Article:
Before the internet craze of blogging we wrote our thoughts down in something called a journal. Or a diary maybe. But it was for your eyes only, no worries of nasty comments from people you’ve never met–or kudos either. There is a comfort in putting pen to paper, capturing thoughts in space and time with the confinement of the written word is challenging and exhilarating.
This article (and my other passion) got me thinking about what I do here online. While it’s good and helpful and sometimes I dare say necessary, it is something my family, even though they participate by default, know very little of this part of my life. I don’t sit and read them my posts or share articles from other moms that bless me. They don’t know most of what I share here, not because I have a secret but I suppose it just never seemed necessary–at least not at this time.
But what about later, when they are older, when they have children of their own and are filled with questions, or when they are searching for more homeschool memories, the little memories that are crowded out by more urgent matters. I could just point them to this URL and let them search, like any stranger could, probing for information and answers. I don’t want a cold computer screen sharing my thoughts on this season of life with them. I think I can do better than that.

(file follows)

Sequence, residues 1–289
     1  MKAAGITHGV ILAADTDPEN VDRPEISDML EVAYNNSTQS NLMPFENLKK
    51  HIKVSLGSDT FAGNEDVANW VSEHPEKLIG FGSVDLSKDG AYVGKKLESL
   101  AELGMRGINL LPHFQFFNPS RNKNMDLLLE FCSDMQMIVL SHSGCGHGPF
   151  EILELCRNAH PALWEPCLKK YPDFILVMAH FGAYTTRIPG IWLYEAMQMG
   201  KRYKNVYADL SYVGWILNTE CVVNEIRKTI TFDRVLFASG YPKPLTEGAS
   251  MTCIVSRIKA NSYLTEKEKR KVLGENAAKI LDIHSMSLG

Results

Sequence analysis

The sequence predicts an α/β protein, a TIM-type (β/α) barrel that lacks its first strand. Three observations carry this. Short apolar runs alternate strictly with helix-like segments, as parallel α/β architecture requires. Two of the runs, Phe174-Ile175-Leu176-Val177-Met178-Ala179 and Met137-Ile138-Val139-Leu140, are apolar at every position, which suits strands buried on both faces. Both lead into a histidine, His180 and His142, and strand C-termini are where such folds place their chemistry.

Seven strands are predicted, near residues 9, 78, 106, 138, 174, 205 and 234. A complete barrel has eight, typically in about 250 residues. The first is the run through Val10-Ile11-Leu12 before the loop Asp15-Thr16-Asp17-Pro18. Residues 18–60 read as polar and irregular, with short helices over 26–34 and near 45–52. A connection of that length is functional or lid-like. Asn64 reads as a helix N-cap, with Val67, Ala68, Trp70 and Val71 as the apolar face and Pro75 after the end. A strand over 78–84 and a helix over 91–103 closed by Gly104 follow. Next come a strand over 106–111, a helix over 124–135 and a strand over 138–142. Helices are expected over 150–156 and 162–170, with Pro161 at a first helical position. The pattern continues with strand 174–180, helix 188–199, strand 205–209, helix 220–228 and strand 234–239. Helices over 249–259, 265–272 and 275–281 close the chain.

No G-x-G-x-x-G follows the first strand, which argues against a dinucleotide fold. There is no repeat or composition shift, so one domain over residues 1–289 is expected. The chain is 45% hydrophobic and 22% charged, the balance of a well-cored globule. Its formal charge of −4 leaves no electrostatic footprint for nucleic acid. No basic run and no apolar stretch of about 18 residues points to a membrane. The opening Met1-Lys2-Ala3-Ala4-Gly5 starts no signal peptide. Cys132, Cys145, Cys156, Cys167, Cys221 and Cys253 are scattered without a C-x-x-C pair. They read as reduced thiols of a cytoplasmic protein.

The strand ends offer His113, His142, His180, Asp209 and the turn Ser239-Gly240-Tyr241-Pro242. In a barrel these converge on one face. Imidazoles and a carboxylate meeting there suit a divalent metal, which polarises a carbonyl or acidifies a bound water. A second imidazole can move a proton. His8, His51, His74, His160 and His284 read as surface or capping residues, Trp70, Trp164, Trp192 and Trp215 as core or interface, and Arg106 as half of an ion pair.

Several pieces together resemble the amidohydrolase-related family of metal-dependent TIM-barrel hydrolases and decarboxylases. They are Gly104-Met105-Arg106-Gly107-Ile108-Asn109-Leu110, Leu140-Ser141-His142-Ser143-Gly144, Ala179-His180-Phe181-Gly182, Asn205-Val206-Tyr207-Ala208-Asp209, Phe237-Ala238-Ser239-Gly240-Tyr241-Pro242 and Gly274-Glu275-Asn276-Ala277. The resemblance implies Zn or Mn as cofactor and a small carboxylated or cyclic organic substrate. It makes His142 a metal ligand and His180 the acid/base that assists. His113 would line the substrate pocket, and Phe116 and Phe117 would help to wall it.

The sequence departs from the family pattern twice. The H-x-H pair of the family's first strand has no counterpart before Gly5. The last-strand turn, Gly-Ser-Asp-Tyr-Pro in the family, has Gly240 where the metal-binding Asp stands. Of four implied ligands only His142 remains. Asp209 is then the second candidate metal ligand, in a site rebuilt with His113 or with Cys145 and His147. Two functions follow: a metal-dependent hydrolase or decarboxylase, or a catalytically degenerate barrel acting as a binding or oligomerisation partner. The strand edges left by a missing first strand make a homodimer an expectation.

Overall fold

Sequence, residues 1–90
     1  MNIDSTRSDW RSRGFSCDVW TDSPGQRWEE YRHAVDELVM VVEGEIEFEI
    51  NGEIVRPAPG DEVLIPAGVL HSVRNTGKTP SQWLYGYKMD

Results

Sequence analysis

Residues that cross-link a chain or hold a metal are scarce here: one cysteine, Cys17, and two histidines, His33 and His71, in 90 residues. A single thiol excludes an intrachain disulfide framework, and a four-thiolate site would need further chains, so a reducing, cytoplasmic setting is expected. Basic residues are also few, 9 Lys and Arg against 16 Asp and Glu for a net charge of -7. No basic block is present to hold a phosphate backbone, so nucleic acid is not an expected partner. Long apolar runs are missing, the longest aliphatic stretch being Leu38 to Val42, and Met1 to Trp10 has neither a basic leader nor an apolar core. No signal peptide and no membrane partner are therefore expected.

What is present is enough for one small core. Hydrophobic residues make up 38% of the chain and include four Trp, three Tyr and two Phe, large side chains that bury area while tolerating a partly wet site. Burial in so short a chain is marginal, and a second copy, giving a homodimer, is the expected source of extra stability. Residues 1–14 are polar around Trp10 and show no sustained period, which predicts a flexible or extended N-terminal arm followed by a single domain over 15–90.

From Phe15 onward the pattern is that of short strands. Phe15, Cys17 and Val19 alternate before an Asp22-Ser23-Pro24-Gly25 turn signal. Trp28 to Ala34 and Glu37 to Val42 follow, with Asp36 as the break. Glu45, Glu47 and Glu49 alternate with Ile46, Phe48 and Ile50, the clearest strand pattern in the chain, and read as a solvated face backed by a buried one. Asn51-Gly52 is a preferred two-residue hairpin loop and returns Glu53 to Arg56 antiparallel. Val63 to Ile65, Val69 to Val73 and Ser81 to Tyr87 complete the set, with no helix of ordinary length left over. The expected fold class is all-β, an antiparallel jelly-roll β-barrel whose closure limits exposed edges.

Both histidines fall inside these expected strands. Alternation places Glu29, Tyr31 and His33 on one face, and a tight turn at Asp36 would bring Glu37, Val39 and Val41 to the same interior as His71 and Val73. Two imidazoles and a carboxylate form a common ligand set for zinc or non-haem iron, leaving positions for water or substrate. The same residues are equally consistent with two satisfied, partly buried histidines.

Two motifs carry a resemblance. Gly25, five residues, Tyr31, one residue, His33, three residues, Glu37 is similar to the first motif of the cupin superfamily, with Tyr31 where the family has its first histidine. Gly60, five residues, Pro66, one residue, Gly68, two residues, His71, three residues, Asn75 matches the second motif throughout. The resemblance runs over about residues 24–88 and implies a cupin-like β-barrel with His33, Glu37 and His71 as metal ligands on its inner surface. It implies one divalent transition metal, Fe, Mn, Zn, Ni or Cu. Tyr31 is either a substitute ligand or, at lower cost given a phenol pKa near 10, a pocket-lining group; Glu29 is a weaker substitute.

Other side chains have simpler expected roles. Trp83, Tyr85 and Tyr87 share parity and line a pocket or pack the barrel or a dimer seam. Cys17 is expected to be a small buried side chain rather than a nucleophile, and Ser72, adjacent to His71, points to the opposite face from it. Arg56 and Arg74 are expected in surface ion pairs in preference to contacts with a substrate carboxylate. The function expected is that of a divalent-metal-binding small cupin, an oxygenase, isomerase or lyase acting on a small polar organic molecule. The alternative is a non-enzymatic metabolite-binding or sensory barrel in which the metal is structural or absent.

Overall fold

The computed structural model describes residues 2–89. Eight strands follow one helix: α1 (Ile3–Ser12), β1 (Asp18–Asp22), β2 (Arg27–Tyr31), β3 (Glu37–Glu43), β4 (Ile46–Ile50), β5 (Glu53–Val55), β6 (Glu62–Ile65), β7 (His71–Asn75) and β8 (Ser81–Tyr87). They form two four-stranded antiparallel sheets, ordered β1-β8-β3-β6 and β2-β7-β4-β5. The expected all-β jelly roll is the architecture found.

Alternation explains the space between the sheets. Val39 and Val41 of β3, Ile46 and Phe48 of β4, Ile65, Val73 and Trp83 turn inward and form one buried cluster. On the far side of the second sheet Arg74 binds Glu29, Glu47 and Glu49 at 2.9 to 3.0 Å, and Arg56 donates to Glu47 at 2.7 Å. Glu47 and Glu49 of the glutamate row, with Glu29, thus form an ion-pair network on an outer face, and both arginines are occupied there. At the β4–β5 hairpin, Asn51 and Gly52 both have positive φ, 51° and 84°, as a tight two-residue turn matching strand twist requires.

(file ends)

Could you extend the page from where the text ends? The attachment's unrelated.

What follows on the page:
I have decided to keep an online written record of the posts I feel are the most poignant to my family. I want a sort of scrapbook, more of a commonplace book about our homeschool years, filled with blog posts, pictures and all the other memories that make everyday life interesting. It will be filled with my thoughts and dreams and hopes and yes, even fears, with those who mean the most to me.
This is a gift, something I can leave as a legacy, my blog posts and more, written by my own hand. Who doesn’t love finding treasures like that up in Gramma’s attic? We all love poring over old letters and pictures. Who wouldn’t love to hear great gramma’s thoughts on a particular time of life? Family is a big deal and I don’t want to deprive mine of the part of my life I share with all of you.
Commonplace books on our family. Now there’s a treasure worth leaving future generations.